Are FC Barcelona Even Playing the Same Sport as Other Teams?
Having worshipped at many alters in my time, I took the chance to visit one of the greatest churches of all two weeks ago; the Camp Nou.
There, I saw Barcelona play Villarreal in one of the most entertaining encounters I have ever witnessed, and it left me begging the question: Are Barcelona even playing the same sport as other teams?
Barcelona has always been associated with great teams, players, managers, and most importantly, great football.
But even the football played by Rinus Michels' great side of the '70s, or Johan Cruyff's team of the '90s, remembered as the Dream Team play, is nowhere near the brand of football that is employed by Pep Guardiola's modern incarnation.
Tiki-Taka is a wonderful term and comes closest to describing Barcelona's style of play.
Watching them against Villarreal was an education.
Conventional tactical thinking in England—or anywhere else for that matter—has the two full backs pulling wide to receive short kick outs from the goalkeeper.
However, Alves and Maxwell push on into a wide midfield position with Barca's two centre halves pulling out wide to take the ball.
The gap they leave is filled by the much maligned and possibly the most disciplined player in football; Sergio Busquets.
As he drops in, La Blaugrana's defence becomes a three man team with five options in front of them, and when the out ball is players like the great Xavi Hernandez, Andres Iniesta, Lionel Messi and the two fullbacks, you know they are going to be brave enough to accept the ball in any situation.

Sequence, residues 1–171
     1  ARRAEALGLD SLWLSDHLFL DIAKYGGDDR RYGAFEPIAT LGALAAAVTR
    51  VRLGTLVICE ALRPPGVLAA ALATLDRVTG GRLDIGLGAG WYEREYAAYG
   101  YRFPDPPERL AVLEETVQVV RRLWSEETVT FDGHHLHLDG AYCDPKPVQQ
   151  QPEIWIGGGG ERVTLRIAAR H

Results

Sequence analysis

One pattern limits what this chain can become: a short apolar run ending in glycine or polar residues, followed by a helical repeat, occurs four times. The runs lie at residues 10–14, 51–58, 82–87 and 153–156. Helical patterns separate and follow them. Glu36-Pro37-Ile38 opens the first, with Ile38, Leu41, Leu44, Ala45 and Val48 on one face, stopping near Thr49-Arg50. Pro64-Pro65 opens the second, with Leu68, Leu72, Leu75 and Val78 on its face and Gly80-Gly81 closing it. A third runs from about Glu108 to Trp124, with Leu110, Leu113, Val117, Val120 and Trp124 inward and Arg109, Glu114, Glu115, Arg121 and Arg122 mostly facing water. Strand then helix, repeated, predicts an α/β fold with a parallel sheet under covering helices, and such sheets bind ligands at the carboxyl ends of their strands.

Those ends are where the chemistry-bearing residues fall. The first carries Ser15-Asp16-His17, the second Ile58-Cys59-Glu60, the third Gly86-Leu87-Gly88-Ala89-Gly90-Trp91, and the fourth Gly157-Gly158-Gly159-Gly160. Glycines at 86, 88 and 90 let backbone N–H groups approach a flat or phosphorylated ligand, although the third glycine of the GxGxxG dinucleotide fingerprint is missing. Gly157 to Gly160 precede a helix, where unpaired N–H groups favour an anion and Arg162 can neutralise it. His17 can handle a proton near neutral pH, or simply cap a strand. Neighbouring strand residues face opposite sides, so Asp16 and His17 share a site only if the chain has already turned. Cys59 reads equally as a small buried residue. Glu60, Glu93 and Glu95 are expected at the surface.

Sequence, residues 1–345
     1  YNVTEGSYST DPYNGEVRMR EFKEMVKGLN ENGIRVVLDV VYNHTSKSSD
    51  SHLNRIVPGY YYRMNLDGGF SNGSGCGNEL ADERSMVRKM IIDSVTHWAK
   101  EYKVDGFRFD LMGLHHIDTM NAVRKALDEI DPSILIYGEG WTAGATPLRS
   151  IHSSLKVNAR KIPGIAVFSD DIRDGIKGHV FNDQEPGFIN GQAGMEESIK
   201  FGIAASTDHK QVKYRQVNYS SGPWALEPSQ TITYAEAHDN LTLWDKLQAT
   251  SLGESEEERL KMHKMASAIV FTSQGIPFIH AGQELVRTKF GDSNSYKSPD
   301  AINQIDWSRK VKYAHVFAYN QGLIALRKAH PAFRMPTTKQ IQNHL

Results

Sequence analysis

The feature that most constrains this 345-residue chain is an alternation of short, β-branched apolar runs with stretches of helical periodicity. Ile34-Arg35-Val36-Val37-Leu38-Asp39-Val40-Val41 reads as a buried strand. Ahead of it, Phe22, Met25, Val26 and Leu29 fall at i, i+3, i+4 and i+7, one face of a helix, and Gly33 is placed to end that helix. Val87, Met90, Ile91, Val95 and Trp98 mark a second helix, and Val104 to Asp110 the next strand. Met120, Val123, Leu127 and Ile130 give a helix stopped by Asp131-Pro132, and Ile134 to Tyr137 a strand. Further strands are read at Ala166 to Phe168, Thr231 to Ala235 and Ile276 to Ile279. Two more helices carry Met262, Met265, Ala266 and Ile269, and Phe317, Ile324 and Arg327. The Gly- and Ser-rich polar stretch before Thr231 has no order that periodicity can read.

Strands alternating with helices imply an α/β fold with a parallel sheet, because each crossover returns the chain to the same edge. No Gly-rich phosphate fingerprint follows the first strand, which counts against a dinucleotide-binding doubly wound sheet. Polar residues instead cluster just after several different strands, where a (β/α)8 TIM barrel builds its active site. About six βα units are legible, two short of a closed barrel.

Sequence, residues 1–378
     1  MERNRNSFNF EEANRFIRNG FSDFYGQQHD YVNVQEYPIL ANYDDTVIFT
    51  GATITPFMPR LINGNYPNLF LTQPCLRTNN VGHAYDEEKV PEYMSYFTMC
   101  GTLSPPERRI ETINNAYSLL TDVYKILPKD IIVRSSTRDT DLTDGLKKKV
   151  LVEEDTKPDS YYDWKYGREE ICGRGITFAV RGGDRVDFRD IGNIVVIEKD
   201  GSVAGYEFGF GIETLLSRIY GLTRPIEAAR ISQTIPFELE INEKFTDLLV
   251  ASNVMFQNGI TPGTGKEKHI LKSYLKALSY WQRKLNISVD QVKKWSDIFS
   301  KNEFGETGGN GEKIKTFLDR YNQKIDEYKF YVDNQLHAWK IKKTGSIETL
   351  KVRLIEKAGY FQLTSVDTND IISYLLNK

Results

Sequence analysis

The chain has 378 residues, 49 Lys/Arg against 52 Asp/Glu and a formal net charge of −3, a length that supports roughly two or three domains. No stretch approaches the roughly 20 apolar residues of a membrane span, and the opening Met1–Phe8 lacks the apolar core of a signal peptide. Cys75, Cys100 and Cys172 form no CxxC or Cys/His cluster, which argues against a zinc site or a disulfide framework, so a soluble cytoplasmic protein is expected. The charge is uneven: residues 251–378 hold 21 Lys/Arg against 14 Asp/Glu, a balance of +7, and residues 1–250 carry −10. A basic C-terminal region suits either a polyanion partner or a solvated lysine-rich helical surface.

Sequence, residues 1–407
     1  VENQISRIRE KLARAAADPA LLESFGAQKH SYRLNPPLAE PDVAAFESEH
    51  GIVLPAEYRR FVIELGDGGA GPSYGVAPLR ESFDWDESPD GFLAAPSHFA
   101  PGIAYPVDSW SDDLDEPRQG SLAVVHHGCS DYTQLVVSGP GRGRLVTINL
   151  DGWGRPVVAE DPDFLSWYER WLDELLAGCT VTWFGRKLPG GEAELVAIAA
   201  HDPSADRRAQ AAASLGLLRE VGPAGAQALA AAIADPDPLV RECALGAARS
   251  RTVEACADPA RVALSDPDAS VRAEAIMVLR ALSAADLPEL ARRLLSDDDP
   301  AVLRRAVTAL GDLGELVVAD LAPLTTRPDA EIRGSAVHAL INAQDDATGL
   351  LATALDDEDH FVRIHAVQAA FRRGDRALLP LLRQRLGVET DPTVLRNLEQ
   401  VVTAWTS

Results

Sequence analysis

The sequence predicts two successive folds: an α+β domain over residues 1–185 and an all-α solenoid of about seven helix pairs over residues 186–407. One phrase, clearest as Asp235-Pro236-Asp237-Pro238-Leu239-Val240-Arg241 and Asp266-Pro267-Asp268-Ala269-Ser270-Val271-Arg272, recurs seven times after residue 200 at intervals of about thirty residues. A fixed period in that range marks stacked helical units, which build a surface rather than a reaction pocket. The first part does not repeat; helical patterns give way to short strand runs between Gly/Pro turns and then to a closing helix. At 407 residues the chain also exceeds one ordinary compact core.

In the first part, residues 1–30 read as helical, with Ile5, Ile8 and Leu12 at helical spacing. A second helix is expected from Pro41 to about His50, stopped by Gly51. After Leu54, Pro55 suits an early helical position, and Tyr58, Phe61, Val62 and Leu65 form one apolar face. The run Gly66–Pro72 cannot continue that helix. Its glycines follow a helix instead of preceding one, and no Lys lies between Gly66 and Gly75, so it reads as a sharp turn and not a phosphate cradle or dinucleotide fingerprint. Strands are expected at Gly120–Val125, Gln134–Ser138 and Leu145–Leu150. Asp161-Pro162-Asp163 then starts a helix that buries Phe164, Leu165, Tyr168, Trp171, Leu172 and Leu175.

As the centre midfielders accept the all, Pedro and David Villa creep infield slightly, while the full backs push on even further. These two players really are key to Barcelona's style of play, as they support even section of the team.
It is testament to Guardiola's attacking instinct and will to win the game that the full backs are utilized in such a way. For instance, under Rafael Benitez, Liverpool's full backs rarely attacked and never at the same time.
The movement off the ball is sublime.
Even player seems to have three to four options every time they take the ball in, and with each squad member being incredibly comfortable on the ball, they have an innate ability to hold onto the ball for long stretches.
To date, Barcelona FC has completed more passes than any other team in world football this season. When they start stringing passes together, it is not unusual for them to hit 20 or 30 consecutively.
In England, the league that I would be most familiar, it is unusual if a team puts more than six passes together.
To play in such a way, Pep Guardiola's team is super fit. Possibly fitter than any other team on the planet. The ball does so much work, but the movement off the ball is what makes the whole system come together.
That is not to say that Barcelona do not have their flaws. Like any team they have weaknesses, particularly the way the full backs move on and a well organised team with a centre forward in great form can exploit these frailties.